Imagine a life spent traveling country to country, working from home, spending long afternoons walking down sandy beaches sipping a margarita…
Sounds pretty good, right? Well, it’s’ more and more possible these days to work remotely. And frankly, if you’re an American, you are better off not living in our piece of shit country. There are a lot of shitholes in the world, and we live in the stinkiest shithole of them all, baby. We’re number one god damn it.
So starting fairly soon I’m going to be leaving my home state once again to begin a new adventure in Asia. I’ll be doing the job I do now, which is teaching online, but instead of living in one shitty apartment in Texas, I’ll live in several shitty apartments in various countries.
There’s something magical about the feel of those places out there… The people, the food, the raw life you can feel in the air… Walking through the night markets in Taipei, hearing all the hustle and bustle of a thousand shops trying to sell a thousand amazing delicacies all at once along a tiny strip of cordoned off street… It’s intoxicating. You know you’re alive and you know you could go out into the night 50 times and find something you’ve never experienced before.
I never thought I would be lucky enough to live that kind of life. Somehow, things have (so far) worked out for me. I have a job that I love, and a lot of interesting prospects. I’m a “digital nomad”.
We’re all weird people. That’s why we go out into the world and live in our shitty apartments. We like our shitty apartments, because the shitty apartment represents freedom. It represents the ability to roam a world that we hear calling to us every day of our lives. We trade comfort for a feeling of aliveness that is impossible to get anywhere else.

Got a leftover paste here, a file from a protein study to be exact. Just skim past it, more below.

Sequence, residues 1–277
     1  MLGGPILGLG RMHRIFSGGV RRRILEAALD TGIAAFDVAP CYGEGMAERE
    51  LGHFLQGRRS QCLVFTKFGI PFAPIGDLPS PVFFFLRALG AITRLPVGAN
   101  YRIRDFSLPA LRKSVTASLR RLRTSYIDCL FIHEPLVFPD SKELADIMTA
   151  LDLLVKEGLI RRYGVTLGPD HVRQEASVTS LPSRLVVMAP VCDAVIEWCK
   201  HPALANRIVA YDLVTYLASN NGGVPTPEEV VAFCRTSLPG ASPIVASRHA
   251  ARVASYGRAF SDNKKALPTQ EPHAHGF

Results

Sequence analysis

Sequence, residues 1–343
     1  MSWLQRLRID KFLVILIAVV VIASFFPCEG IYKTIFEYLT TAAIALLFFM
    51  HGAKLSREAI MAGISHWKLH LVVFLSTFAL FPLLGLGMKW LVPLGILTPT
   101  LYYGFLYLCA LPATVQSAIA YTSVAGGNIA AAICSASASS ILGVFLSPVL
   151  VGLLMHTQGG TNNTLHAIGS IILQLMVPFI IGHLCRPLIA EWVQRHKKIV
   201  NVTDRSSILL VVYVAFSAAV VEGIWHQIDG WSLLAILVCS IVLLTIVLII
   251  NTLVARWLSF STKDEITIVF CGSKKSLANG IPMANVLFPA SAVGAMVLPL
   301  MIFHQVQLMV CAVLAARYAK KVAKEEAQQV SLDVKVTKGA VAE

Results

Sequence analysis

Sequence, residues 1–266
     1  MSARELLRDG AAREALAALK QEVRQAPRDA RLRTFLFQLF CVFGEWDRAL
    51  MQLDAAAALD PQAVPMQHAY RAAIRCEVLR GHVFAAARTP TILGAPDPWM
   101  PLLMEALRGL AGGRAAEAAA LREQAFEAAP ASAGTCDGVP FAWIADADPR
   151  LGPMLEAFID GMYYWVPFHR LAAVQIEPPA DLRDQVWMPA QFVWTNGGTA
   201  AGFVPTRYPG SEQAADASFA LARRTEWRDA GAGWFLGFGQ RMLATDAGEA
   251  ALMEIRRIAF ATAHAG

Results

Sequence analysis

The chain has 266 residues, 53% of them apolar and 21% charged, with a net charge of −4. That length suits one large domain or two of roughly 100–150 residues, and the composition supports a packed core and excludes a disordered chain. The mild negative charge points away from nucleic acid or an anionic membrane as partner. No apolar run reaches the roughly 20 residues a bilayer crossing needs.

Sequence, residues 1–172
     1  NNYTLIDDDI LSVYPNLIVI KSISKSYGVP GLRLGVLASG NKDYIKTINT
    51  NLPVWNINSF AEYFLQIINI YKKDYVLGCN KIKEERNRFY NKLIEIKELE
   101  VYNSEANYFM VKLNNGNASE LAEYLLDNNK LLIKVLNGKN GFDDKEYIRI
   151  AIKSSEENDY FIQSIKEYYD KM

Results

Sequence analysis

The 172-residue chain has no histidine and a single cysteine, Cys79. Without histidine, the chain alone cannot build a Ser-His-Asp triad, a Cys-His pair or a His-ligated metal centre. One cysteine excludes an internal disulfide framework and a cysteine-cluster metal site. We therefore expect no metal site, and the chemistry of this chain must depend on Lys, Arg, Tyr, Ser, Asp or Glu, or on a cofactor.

One of the happiest moment during my 8 months in Japan was during my third week while I was hitchhiking. I had camped out for the night in a little village on the coast somewhere. I didn’t have a good spot to pitch my rain tarp, and I was exhausted, so I rolled out my sleeping bag and went to bed on a quiet patch of grass.
I fell asleep, and a few hours later I woke up to a quite vigorous rainstorm. I was wet, dirty, alone, and uncertain of what I could possibly do. I couldn’t get up and lose what little warmth I had preserved, at least not until the sun was out. So I sat there in my increasingly wet sleeping bag, for an hour or so, cold, alone, and miserable, and at one point I just started cracking up. I laughed and laughed like I was in on the best joke ever and it had been right in front of me the whole time.
At that moment I realized that no matter what happened to me, I would always be able to do this. I am capable of sleeping outside, hitching through the countryside, eating food off of trees and at hole-in-the-wall diners where the menu hangs scribbled on wooden boards on the wall in a language you cannot decipher. I did all of that and came out the other side unharmed. I slept through a rainstorm, and then I got up at sunrise, shook off the rain, and hiked until I found a convenience store where a dead-eyed cashier spared my dirty mountain goat visage only half a glance. I cleaned up in the bathroom, had a bit of a snack, and I was on my way.
During that one moment, laughing like a crazy person amid the rain and the mud and the cold… I just knew that I would be OK. I knew that I could handle whatever shit life threw at me. Those are the moments I’m looking for. The moments are always different, but I always know they’re special. Those are the moments we torture ourselves for.
That’s why we’re here.